Our first finalist in the Pierre Dorion’s Best Trade Tournament is the deal that sent J-G Pageau to the New York Islanders. Unlike many of the deals that have become favorites in this tournament, including the second of today’s semi-finalists, the Pageau deal looked good for Ottawa from the start. There was no need for luck, or for unexpected prospect development, or for anything else. It was just a super clean piece of business, in which Dorion extracted full value from a pending-UFA. To see which deal will face off against the Pageau trade in the final, let’s get to today’s matchup:
This year, the Senators found themselves in a spot where they felt they needed NHL bodies on the roster so that they could keep developing prospects in Belleville for a competitive run. Dorion acquired Namestnikov for pennies on the dollar, and the player immediately came in and provided a spark. He was really quite good for his first handful of games with Ottawa, more than justifying the acquisition price. While his production and performance fell off a cliff as the season moved along, it’s hard to argue with the rationale or cost involved in this trade. It was a no-risk move that provided a small bit of benefit earlier in the season.
When this trade was made, people thought Pierre Dorion was acquiring quantity rather than quality for a superstar asset. Hindsight suggests that he acquired both quantity AND quality for an asset about to lose significant value due to injury concerns. The perfect storm that has occurred since this deal was completed makes it look infinitely better than it did in September 2018, and nobody in Ottawa is complaining about it. Chris Tierney has been a solid NHL producer for the Senators. Dylan DeMelo established himself as one of the league’s most underrated defenders prior to being moved. Josh Norris turned every head possible in the American Hockey League this year. Rudolfs Balcers remains tremendously promising. Oh, and then there’s that 2020 first-round pick still to come. The fact that it was San Jose’s pick, and not Ottawa’s own, that gives this team a shot at either Byfield or Stutzle makes this trade a huge win.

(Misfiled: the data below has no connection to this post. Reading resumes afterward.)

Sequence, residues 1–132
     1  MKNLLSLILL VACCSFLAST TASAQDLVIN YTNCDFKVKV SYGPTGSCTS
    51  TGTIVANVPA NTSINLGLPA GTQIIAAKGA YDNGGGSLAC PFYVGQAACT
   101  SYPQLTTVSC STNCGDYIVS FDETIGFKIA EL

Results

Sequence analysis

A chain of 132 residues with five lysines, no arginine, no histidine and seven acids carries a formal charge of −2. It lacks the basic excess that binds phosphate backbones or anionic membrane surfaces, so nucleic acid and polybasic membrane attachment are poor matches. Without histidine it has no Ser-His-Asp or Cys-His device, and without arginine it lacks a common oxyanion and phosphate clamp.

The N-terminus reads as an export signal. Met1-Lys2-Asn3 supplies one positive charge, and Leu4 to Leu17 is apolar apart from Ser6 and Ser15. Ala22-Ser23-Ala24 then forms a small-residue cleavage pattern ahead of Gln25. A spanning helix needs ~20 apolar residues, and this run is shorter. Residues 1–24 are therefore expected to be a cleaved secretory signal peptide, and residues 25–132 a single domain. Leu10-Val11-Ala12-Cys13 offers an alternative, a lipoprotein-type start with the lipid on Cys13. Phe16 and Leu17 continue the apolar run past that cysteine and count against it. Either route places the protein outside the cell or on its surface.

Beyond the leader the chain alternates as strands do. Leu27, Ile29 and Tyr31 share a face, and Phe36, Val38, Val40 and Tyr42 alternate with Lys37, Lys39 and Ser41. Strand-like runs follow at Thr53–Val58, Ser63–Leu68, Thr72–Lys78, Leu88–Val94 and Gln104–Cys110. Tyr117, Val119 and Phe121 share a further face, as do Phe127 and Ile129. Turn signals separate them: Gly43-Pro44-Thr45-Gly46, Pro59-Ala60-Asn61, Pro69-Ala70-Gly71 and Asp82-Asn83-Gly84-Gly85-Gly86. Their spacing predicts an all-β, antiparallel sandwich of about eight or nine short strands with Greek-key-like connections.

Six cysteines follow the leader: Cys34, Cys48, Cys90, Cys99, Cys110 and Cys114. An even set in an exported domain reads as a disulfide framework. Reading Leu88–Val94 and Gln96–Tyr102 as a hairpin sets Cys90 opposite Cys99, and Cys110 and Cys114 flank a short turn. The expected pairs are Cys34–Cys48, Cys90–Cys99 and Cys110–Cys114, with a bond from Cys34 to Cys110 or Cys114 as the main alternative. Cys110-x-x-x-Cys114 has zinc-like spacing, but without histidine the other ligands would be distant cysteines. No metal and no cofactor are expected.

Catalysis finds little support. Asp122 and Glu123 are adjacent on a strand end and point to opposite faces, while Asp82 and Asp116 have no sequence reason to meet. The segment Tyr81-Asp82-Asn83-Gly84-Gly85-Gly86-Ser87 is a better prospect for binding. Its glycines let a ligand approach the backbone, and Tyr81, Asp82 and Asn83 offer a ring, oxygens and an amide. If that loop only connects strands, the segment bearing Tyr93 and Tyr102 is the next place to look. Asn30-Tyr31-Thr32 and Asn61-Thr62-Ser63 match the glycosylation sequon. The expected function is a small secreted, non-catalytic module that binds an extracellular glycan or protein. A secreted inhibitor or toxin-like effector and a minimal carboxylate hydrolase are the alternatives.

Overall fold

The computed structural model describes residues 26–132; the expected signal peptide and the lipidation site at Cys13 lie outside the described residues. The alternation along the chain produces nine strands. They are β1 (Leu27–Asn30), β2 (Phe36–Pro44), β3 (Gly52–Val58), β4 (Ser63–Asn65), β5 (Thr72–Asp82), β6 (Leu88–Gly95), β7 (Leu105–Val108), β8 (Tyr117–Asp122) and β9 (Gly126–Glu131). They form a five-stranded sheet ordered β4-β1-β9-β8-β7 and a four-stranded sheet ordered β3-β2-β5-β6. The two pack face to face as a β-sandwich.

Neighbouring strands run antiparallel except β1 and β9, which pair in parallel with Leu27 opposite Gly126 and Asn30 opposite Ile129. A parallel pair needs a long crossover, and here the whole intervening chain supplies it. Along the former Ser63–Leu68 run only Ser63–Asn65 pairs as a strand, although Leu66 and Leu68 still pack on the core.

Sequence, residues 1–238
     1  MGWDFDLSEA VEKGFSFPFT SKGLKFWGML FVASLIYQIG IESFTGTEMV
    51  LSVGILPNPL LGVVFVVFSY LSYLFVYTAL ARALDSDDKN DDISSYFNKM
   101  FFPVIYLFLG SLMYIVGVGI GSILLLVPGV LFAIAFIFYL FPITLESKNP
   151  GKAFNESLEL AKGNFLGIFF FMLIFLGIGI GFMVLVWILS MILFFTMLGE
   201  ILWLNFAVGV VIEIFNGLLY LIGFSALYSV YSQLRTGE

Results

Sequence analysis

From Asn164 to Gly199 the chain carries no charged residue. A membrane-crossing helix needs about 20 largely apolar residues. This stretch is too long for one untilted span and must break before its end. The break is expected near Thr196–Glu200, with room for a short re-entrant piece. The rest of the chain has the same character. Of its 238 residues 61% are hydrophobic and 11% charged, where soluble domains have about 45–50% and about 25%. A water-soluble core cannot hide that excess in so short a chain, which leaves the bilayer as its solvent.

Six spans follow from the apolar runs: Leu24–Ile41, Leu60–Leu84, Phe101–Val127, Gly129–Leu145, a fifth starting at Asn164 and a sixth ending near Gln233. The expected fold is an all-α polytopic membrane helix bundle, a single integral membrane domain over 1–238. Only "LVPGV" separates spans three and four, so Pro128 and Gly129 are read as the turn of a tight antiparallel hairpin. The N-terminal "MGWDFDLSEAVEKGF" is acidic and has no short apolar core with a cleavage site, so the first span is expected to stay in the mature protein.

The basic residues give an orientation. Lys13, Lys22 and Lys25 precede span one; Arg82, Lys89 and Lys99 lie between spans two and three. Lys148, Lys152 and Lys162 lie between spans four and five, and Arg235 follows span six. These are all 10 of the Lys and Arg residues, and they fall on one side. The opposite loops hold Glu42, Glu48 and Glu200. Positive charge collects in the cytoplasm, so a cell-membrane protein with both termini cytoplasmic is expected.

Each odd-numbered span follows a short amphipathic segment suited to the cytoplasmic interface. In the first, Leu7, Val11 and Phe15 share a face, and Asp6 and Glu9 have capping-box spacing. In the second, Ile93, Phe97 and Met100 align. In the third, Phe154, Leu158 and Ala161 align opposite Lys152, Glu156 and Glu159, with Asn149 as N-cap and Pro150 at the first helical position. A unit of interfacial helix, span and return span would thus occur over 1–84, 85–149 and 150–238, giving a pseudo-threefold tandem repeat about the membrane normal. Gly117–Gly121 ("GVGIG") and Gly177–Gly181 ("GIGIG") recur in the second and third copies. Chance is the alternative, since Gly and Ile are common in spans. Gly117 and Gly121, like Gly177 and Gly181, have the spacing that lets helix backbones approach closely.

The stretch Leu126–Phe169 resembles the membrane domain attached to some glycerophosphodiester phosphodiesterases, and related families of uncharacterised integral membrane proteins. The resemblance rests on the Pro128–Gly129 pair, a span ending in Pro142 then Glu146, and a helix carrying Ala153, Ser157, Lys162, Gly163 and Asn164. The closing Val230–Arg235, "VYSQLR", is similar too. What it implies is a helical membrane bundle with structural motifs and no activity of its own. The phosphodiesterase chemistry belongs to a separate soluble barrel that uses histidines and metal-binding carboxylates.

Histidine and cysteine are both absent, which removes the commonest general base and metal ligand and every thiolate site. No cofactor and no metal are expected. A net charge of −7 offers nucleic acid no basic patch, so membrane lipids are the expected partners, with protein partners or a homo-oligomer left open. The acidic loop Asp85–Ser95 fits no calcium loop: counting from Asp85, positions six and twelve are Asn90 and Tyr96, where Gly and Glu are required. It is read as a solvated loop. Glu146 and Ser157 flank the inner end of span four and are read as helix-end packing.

Trading Karlsson was always going to be a franchise-defining move for Pierre Dorion. A little bit of luck seems to have made it a superb one. Few would have predicted that Norris would develop in the way that he has, and that the Sharks would be bad enough to hand Ottawa such a high pick.